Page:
Functional capacity varies considerably among older patients with schizophrenia. In a study of a group of middle-aged and older schizophrenia outpatients, Palmer et al. [27] found that 30% had been employed at least part time since the onset of psychosis. In general, worse neuropsychological test performance, lower educational level, and negative symptoms but not positive symptoms are associated with poorer functional capacity in older outpatients with schizophrenia. [28] Vahia et al. [29] observed self-assessed lower quality-of-life to be associated with depression, positive and negative symptoms, cognitive deficits, financial strain, poor social support, and poor social skills.

Late-onset schizophrenia-like psychosis

Risk factors and clinical presentation associated with LOS are similar to those associated with EOS. [30],[31] Similar proportion of individuals with EOS or LOS report having a family history of schizophrenia (10-15%) and no consistent link has been found between age of onset and genetic risk of schizophrenia. [6],[32] Levels of childhood maladjustment, measured retrospectively were similar in LOS and EOS patients but higher in both the groups than in healthy subjects. [33] Patients with LOS have increased rates of minor physical anomalies relative to healthy subjects, but rates of these anomalies are similar to those with EOS. [34]

Neuroimaging studies show that compared to patients with EOS patients with LOS have more nonspecific structural abnormalities such as enlarged ventricles and increased white matter intensities [35] and a larger volume of the thalamus on magnetic resonance imaging. [36] Finally, long-term neuropsychological follow-up of a group of patients with LOS revealed no evidence of cognitive decline, suggesting a neurodevelopmental rather than a neurodegenerative process. [26]

Women predominate among individuals with onset of schizophrenia in middle to late life. [6],[37] It has been speculated that estrogen may serve as an endogenous antipsychotic, masking symptoms of schizophrenia in vulnerable women until after menopause. [38] However, investigations on efficacy of hormonal replacement therapy as an adjunct treatment for postmenopausal women with psychosis [39],[40] have not had promising results.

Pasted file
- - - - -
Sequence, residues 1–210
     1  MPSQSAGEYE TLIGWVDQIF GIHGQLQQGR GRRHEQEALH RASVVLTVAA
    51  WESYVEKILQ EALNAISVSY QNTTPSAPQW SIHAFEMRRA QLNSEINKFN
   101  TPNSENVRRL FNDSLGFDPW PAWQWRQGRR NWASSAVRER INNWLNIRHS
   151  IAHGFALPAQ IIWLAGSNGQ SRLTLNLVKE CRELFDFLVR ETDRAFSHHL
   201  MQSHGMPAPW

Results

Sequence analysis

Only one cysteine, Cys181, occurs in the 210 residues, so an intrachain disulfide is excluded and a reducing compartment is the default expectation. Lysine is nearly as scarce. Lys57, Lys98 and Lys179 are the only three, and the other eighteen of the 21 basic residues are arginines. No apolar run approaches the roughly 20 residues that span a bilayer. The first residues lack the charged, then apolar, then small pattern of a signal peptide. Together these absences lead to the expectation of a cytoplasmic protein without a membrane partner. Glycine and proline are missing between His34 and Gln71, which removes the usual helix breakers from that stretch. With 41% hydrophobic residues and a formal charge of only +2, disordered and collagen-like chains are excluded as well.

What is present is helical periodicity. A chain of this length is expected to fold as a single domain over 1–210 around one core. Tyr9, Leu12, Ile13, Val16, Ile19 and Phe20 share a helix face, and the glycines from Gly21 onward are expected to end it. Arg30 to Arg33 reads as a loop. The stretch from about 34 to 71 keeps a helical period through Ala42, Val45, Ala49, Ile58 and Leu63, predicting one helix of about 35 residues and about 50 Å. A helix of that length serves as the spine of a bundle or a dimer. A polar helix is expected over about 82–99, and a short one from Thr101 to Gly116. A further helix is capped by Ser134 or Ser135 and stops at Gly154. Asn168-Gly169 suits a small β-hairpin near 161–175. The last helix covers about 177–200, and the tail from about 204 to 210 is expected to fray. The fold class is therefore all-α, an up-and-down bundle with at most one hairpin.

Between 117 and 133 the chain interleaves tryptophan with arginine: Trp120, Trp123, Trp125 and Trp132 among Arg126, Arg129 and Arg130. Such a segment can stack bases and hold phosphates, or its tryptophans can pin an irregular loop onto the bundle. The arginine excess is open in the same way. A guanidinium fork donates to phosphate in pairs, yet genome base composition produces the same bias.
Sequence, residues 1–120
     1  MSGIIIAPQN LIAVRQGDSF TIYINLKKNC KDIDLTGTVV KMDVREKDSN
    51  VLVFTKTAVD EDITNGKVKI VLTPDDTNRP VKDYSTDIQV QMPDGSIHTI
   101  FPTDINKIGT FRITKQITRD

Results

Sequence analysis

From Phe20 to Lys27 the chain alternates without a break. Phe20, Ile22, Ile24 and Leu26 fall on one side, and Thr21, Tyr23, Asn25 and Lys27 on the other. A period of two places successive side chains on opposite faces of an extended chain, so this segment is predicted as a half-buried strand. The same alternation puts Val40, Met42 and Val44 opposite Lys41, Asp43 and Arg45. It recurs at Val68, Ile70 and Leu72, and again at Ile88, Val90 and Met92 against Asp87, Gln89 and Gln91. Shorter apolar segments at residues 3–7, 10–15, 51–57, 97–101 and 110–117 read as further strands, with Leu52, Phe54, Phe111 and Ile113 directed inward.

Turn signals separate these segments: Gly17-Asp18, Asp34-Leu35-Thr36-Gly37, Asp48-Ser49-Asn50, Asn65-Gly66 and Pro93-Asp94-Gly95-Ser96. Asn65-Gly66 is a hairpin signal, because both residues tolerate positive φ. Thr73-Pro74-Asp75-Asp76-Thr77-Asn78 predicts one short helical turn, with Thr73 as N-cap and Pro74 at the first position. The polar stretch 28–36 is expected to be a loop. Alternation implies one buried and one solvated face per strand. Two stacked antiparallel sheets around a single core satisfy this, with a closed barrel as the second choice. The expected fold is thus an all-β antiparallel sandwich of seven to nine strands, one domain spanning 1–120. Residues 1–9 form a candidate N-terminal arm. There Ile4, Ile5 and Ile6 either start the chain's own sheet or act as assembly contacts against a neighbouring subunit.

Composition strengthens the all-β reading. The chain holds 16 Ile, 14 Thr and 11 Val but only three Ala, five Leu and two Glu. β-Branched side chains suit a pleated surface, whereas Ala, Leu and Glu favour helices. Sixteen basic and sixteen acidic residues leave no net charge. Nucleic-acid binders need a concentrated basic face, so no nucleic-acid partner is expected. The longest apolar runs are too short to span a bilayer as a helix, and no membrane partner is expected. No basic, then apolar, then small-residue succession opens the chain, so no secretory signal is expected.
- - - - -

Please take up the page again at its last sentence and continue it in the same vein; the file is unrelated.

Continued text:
Jeste et al. [6] found a higher prevalence of the paranoid subtype of schizophrenia in patients with LOS (75%) compared to EOS (50%). Patients with LOS tend to have more organized delusions, auditory hallucinations or hallucinations with a running commentary and persecutory delusions with or without hallucinations. [9] Patients with LOS also have lower levels of negative symptoms than patients with EOS; however, they have higher levels of negative symptoms than healthy subjects. [6],[41]

On neuropsychological testing, patients with LOS tend to have less impairment in learning, abstraction and flexibility in thinking than patients with EOS. [6] Compared to patients with EOS, a greater proportion of patients with LOS have successful occupational and marital histories and generally have better premorbid functioning. Sensory deficits, particularly hearing loss, are associated with psychotic symptoms in late life and have been proposed as a risk factor for LOS. [42]

Very-late-onset schizophrenia-like psychosis